The Westminster Astronomical Society wants to open up the night sky for Carroll County residents by building an observatory at Bear Branch Nature Center.
Yesterday, the organization received preliminary support from the county commissioners to move forward on its plan.
"It sounds like a great idea," said Commissioner Perry L. Jones Jr.
The society's proposal calls for a 32-foot-by-32-foot observatory at the nature center outside Westminster.
The building would be equipped with three telescopes and a retractable roof. An open picnic area with a roof frame would be built next to the observatory to take in the roll-off roof.
The group, founded in 1984, would cover construction and operating costs through fund raising.
The project is estimated to cost $50,000, including expenses for construction, building materials and equipment such as computers at the observatory, said Wayne Bird, the group's treasurer and fund-raising coordinator.
The society, which has filed for nonprofit status, plans to solicit corporate sponsors and design and labor services, as well as financial donations, Bird said.
Over the years, the 90- member society has received several telescopes as gifts, including a 25-inch scope that weighs 400 pounds, Bird said. Besides finding a permanent place for the telescope, the observatory would provide an education center for astronomy and space science, he said.
"We do a lot of outreach to the public," Bird told the commissioners. "We need a permanent place to put them so we could expand our outreach."
The organization provides education programs for Carroll schools, Boy and Girl Scouts and other youth groups. Members also volunteer their services at Bear Branch Nature Center's planetarium.
The society would provide public viewing sessions and other educational programs at the observatory, bringing new members and benefits to the nature center, Bird said.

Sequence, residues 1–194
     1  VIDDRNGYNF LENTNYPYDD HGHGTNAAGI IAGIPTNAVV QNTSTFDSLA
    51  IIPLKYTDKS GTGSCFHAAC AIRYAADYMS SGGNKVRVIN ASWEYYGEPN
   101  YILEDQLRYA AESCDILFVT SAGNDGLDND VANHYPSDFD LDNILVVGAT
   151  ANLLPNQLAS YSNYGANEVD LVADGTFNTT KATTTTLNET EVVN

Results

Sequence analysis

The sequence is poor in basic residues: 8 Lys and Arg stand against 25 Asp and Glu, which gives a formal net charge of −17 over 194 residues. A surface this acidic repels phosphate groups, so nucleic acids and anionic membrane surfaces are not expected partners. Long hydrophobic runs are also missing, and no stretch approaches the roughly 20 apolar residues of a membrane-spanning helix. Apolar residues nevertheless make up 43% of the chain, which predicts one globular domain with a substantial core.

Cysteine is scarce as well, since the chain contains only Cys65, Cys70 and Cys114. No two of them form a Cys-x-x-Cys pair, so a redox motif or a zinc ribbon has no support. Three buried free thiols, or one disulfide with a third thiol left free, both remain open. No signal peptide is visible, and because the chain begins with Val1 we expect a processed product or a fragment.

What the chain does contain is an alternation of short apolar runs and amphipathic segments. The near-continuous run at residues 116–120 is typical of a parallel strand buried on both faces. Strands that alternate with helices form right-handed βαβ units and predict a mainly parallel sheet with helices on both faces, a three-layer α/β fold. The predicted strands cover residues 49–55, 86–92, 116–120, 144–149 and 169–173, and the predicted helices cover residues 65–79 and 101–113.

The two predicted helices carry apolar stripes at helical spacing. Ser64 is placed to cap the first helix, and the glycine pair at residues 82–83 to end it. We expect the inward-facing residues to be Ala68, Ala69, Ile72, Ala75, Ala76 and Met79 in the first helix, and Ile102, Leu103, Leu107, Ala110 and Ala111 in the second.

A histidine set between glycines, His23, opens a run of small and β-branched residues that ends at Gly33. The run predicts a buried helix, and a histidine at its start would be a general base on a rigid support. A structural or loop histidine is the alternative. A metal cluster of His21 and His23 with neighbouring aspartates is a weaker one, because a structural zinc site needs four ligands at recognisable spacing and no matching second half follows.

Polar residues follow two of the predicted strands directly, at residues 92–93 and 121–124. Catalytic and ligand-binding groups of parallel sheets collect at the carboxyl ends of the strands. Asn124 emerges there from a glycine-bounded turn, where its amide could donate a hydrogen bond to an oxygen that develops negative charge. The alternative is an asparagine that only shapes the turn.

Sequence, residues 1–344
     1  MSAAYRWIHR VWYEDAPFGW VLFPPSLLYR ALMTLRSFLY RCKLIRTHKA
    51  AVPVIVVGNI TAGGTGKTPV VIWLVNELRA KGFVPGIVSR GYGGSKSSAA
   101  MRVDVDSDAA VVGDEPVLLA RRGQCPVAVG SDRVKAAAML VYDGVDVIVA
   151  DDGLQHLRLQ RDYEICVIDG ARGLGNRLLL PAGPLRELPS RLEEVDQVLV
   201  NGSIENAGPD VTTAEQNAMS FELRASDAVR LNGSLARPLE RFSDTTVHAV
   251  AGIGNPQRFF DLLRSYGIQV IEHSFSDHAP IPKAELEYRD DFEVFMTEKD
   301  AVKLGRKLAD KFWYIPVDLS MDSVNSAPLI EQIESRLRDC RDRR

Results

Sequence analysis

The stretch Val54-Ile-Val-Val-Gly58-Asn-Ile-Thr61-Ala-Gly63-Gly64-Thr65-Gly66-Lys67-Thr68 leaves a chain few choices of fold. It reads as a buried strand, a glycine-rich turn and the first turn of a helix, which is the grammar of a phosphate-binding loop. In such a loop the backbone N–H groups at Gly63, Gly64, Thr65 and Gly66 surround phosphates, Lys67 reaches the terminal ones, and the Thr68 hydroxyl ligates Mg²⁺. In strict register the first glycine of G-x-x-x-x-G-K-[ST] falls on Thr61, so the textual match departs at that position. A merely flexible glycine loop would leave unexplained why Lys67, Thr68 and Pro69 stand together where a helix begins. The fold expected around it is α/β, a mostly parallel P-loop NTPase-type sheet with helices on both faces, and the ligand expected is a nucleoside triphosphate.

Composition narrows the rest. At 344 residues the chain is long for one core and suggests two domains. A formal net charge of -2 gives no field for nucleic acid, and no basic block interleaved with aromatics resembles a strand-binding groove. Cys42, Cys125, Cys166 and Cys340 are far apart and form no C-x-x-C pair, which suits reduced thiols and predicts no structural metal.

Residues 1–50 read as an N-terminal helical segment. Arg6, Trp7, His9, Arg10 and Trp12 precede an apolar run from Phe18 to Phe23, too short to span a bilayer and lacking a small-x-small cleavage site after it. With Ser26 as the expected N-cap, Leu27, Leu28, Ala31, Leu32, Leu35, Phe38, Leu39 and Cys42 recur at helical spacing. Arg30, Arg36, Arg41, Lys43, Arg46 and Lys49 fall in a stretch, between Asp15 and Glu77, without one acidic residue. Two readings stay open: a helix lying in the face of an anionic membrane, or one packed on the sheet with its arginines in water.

After initial concerns about costs, the county Department of Recreation and Parks supports the project, said director Richard Soisson.
With the society agreeing to pay construction and operating costs, such as phone and Internet service, electricity and security, the county would only provide maintenance for the observatory, Soisson said.
Commissioner Dean L. Minnich, who expressed support for the observatory, wondered yesterday about legal issues surrounding the observatory, including who would own the building.
Once the observatory is completed, the county would own the building but the society would own the equipment and pay for operating costs, Soisson said, adding that a memorandum of understanding would be drafted between the county and the organization.
Soisson, County Attorney Kimberly A. Millender and the county Department of General Services are expected to meet with the astronomy group to sort out the legal and construction details before getting final approval from the commissioners.
"Great, this is what we wanted," Bird said. "Now we take the next step."